Ability to print guns 'critical issue' for law enforcement around the world: Goodale
Any 3D-printed guns created here would be subject to Canada's gun laws, officials say
As controversy swirls in the U.S. over downloadable blueprints for a 3D-printed gun, Canada's public safety minister says the technology is a "critical issue" that's causing concern for law enforcement around the world.
Speaking to reporters in Regina, Public Safety Minister Ralph Goodale said local police forces, the RCMP, their counterparts in the U.S. and Interpol are all troubled by the potential to "photocopy a weapon" — presumably meaning to create one using 3D printing — that "would be usable to cause harm to other people."
His comments follow a recent U.S. decision to settle a case and allow a Texas man to make the schematics for 3D-printed plastic guns available for download online starting Wednesday — though a U.S. federal judge temporarily blocked the release of the plans hours before they were to be released.
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Using a computer-generated model of a three-dimensional object, a 3D printer creates the object by depositing thin slices of material, such as plastics, metals or ceramics, building the object up layer by layer.
Earlier, Jean-Philippe Levert, a spokesperson for Public Safety Canada, said in an email statement that the government is "closely monitoring developments to 3D-printed firearms, which do not change the law."
Subject to Firearms Act
He warned that Canadians who are considering making their own 3D plastic firearms are subject to the same gun laws currently on the books, which make it illegal to manufacture or possess a gun without the necessary licences and registrations.
"All firearms are subject to the Firearms Act, the Criminal Code and their associated regulations," Levert said, regardless of the manufacturing method.
The issue of 3D-printed guns has come to the forefront following a U.S. State Department's decision to settle a years-long legal battle with Cody Wilson, a self-described "crypto-anarchist" in Austin who started posting schematics for a 3D-printed firearm on his website, called Defence Distributed, in 2013.
The designs were downloaded about 100,000 times until the State Department ordered him to cease, contending he was violating federal export laws since some of the blueprints were downloaded by people outside the United States.
The State Department reversed course in late June, agreeing to allow Wilson to post the blueprints starting Aug. 1. But on Tuesday, a Seattle-based federal judge issued a temporary restraining order to stop the release of the plans, saying there is the possibility of "irreparable harm because of the way these guns can be made."
The blueprints have sparked concern from some U.S. lawmakers and gun-control advocates who fear this latest development allows quicker, easier access to weapons and will lead to the proliferation of unregistered firearms that are undetectable by metal detectors and untraceable because they have no serial numbers.
In Canada, individuals are permitted to manufacture firearms for personal use that are not for resale and that they are licensed to own, said Solomon Friedman, an Ottawa-based lawyer who specializes in gun rights.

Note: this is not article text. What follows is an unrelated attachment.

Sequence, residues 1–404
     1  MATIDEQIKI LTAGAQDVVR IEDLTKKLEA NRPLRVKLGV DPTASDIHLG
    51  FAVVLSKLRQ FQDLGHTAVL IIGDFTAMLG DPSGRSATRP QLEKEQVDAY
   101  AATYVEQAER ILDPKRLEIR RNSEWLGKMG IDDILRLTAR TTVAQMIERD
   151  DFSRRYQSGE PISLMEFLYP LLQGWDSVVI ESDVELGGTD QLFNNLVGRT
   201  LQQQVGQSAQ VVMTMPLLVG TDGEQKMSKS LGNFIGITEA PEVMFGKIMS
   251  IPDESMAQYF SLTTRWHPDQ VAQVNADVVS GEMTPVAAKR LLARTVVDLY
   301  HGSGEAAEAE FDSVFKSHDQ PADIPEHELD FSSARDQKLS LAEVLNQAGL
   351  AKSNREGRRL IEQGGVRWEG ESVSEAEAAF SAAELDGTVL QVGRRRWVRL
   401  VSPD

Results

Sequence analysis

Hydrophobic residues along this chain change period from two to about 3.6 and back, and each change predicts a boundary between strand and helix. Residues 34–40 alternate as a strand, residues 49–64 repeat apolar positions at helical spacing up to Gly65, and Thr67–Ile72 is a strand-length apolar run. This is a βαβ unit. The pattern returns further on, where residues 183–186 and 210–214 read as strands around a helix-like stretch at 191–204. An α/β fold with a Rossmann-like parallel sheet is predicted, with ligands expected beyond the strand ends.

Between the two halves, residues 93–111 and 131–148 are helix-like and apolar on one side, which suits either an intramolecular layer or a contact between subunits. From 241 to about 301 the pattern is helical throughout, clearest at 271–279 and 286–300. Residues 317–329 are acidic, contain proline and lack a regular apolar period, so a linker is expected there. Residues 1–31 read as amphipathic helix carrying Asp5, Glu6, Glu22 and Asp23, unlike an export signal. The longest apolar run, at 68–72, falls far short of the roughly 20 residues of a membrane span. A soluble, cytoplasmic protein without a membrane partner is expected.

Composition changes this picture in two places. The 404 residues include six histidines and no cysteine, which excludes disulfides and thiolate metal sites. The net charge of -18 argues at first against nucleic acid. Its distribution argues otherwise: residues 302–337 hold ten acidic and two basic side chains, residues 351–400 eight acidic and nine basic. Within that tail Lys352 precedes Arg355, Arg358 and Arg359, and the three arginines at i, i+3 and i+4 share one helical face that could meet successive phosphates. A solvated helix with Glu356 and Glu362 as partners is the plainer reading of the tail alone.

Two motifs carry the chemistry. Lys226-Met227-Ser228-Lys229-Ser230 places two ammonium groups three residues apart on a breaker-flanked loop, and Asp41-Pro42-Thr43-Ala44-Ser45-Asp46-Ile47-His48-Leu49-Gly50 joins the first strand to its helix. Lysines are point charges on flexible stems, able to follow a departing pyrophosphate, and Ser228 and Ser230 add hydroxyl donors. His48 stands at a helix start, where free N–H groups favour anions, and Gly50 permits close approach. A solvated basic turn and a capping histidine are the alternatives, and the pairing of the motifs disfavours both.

There are three classes of guns in Canada: non-restricted, restricted and prohibited.
To own a restricted weapon — including a handgun or a rifle that's restricted for various reasons, like an AR-15 — an individual first needs a licence to possess restricted firearms. If they have manufactured their own restricted weapon, it has to be registered immediately upon it becoming functional, said Friedman.
The gun owner has to contact their province's chief firearms officer to be issued a serial number that is verified and registered under the gun owner's name, he said.
Someone manufacturing a 3D gun would be subject to the same laws, he said.
Homemade guns predate 3D printers
"Hobbyists have been making firearms in Canada probably for as long as they've been making them anywhere else," Solomon said. "This long predates 3D polymer printers."
Although gun-control advocates in the U.S. have voiced their concerns about these weapons, Canada's Coalition For Gun Control said it was currently consulting on the issue and offered no position on the subject.
But Tony Bernardo, executive director of the Canadian Shooting Sports Association, dismissed the controversy over printed weapons.
"In Canada, there's zero market for this," he said. "In every gun club in Canada, every shooter we have in our association — we're the largest association in Canada with 33,000 members — I have heard exactly zero [interest].
"Everybody looks at it and goes, 'I wouldn't fire that.'"
Bernardo is echoing what some other industry experts have said: That printed weapons are not accurate, and that criminals wouldn't go to the trouble to get a plastic gun since the printers needed to make them are relatively expensive and traditional firearms are easy to come by.
"Why on earth would a criminal go out and buy this giant, clunky, one-shot gun when there's a whole sea of them across the other side of the border," Bernardo said.
Unlike traditional firearms that can fire thousands of rounds in a lifetime, 3D-printed guns normally last only a few rounds before they fall apart, some experts say. They don't have magazines that allow the usual nine or 15 rounds to be carried; instead, they usually hold a bullet or two and then must be manually reloaded.
"You're not talking about making a real gun," Bernardo said. "You're talking about making something that might go five shots without blowing up in your hand."
With files from The Associated Press